Chicago teens worked together to turn a tumultuous year into a seed of hope and kindness for their local community. Their city was hit hard by COVID-19, followed by mass riots responding to the death of George Floyd; two events that highlighted significant inequalities throughout the city. Instead of letting these realities leave them feeling defeated, however, these teens saw an opportunity to create positive change. In a neighborhood that had previously struggled with a lack of resources for fresh, healthy foods, they decided to serve their community by transforming a looted liquor store into an open-air food market.
The project was funded by Chicago Bears’ Sam Acho and ‘By the Hand Club’, of which the teens were members. However, it was the kids that came up with the idea and did all of the heavy liftings to bring the project to life.
Azariah Baker, one of the teens that helped organize Austin Harvest, explained in an interview with Block Club Chicago, “We’ve been behind the scenes completely, as well.” Baker elaborated, stating, “We’ve discussed how we want to show our market, where we wanted our market to be, what we sell, what we look like. This is who runs it.”
Hours spent in healing circles hosted by ‘By the Hand Club’ afforded the group of teens time to brainstorm and collaborate on ways to focus their frustrations surrounding the recent civil unrest. They talked about food scarcity in their neighborhood and a history of neglect throughout Chicago’s West Side that had only gotten worse since the George Floyd lootings and riots.
“Food is a basic necessity. But it’s also a basic necessity we don’t have access to,” Baker said to Block Club Chicago.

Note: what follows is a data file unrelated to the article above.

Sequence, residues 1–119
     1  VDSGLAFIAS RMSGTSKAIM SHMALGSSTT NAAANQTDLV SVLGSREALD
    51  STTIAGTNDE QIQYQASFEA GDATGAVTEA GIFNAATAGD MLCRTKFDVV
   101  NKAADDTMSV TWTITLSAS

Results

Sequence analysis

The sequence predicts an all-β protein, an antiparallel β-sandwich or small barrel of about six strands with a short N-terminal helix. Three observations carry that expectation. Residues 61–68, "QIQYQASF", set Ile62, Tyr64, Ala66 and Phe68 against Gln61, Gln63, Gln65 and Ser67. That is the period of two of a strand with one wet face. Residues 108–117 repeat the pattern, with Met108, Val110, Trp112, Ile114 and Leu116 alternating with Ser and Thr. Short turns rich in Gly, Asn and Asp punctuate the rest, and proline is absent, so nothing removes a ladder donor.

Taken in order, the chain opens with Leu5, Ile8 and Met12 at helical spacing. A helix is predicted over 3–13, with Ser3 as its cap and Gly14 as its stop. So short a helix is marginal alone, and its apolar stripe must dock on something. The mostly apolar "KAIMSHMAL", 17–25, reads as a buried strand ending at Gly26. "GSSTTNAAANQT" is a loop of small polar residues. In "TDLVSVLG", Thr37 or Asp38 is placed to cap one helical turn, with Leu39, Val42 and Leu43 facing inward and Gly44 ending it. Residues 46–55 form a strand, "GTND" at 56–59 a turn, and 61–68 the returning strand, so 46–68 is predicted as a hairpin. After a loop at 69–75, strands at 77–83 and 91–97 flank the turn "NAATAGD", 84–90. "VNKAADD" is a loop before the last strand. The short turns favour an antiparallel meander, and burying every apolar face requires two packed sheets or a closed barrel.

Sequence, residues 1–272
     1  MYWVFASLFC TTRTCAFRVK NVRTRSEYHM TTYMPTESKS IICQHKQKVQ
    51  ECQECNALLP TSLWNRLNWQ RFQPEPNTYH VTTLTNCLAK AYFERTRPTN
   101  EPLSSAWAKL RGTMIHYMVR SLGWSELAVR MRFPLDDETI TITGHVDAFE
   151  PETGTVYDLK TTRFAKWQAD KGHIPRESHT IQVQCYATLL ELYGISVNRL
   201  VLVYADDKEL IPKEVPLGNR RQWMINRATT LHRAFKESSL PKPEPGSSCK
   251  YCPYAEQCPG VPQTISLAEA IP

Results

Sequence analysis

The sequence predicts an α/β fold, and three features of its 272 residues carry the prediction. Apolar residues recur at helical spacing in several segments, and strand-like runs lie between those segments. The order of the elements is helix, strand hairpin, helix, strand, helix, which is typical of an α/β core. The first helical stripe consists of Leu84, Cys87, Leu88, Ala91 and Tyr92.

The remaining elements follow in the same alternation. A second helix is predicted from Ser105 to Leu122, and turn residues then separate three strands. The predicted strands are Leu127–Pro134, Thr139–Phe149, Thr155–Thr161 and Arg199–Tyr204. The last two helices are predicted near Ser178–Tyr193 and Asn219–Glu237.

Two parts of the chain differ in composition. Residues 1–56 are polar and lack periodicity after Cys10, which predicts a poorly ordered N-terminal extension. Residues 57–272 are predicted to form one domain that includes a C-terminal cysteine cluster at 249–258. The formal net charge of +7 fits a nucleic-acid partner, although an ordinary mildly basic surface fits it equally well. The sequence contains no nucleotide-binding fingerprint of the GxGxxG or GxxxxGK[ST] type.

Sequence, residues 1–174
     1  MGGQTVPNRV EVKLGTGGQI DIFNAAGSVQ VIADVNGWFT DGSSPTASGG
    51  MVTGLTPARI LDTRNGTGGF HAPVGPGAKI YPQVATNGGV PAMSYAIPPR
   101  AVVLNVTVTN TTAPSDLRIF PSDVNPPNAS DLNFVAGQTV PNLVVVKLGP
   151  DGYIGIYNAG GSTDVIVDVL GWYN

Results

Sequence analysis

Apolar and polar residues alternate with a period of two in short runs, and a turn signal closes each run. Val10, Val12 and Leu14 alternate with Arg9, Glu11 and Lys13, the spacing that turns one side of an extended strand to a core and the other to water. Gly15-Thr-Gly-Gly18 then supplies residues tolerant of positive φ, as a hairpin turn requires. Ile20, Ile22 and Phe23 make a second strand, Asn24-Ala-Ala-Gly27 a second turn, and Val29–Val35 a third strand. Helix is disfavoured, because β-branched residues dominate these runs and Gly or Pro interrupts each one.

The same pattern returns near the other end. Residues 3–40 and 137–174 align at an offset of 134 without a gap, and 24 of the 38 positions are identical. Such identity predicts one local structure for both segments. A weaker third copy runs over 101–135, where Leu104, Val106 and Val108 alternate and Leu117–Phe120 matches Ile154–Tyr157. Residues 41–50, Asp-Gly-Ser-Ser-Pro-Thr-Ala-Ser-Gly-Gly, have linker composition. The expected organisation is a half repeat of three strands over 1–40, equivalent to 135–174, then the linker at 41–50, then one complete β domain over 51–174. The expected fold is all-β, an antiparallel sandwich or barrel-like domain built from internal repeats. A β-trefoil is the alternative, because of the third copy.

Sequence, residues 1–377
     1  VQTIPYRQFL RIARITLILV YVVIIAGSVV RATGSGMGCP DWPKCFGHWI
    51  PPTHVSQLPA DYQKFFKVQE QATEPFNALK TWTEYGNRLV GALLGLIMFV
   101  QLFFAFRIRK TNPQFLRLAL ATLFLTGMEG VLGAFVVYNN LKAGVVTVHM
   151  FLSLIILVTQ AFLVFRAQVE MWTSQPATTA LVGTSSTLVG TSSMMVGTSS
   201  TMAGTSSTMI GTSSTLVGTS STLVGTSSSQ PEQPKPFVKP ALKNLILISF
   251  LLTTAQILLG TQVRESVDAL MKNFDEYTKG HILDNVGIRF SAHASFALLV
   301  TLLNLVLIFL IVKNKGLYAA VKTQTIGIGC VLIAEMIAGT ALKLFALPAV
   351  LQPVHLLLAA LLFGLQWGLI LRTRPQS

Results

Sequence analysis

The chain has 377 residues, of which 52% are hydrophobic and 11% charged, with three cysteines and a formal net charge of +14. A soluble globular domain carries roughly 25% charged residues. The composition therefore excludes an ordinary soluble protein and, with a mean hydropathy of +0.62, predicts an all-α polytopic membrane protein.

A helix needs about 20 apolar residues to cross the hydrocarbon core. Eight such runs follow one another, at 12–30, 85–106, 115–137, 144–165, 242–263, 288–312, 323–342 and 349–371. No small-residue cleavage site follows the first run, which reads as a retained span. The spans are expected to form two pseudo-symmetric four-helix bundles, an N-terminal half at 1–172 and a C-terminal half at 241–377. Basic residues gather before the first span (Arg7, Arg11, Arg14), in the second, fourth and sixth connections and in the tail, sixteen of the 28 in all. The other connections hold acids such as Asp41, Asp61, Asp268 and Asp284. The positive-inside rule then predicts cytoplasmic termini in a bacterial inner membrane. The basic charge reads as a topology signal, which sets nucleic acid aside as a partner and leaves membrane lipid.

Upon realizing that these kids were committed to addressing this issue, local community members joined the cause to support their mission. Chicago athletes worked together to raise $500,000 towards tearing down the abandoned and looted liquor store, giving the teens access to a permanent location for their project. ‘By the Hand Club’ provided architectural resources for the kids to help design the market. The Hatchery Chicago even offered their support, providing entrepreneurship and business training for the teens as they navigated implementing their plans.
Not only did this project offer significant training and an opportunity to be of service and effect change in their local community, but it also created afterschool jobs for these By the Hand youths. As a result, they have been able to be inspired and motivated by the experience while also putting a little extra money in their pockets.
Fellow co-creator of Austin Harvest, Kieth Tankson, told Block Club Chicago, “This is my first job… And also, all the trainings that we get, it’s really building us so we can be entrepreneurs later on. That means we can do so much more. We don’t have to just be bound to this one thing.”
It only took them two months to open Austin Harvest and this group of teens doesn’t plan on slowing down anytime soon. In fact, they hope that they’ll eventually be able to turn the outdoor market into an actual grocery store, providing year-round fresh food to their hometown.
Baker noted that their work creating Austin Harvest is evidence that, with the right resources and a little motivation, any challenge can be solved. “We’re popping up with the question as to why our community doesn’t look as great as everybody else’s,” Baker stated to Block Club Chicago. “This took us two months to do. We are the blueprint. So think about how much you can build off of this over time.”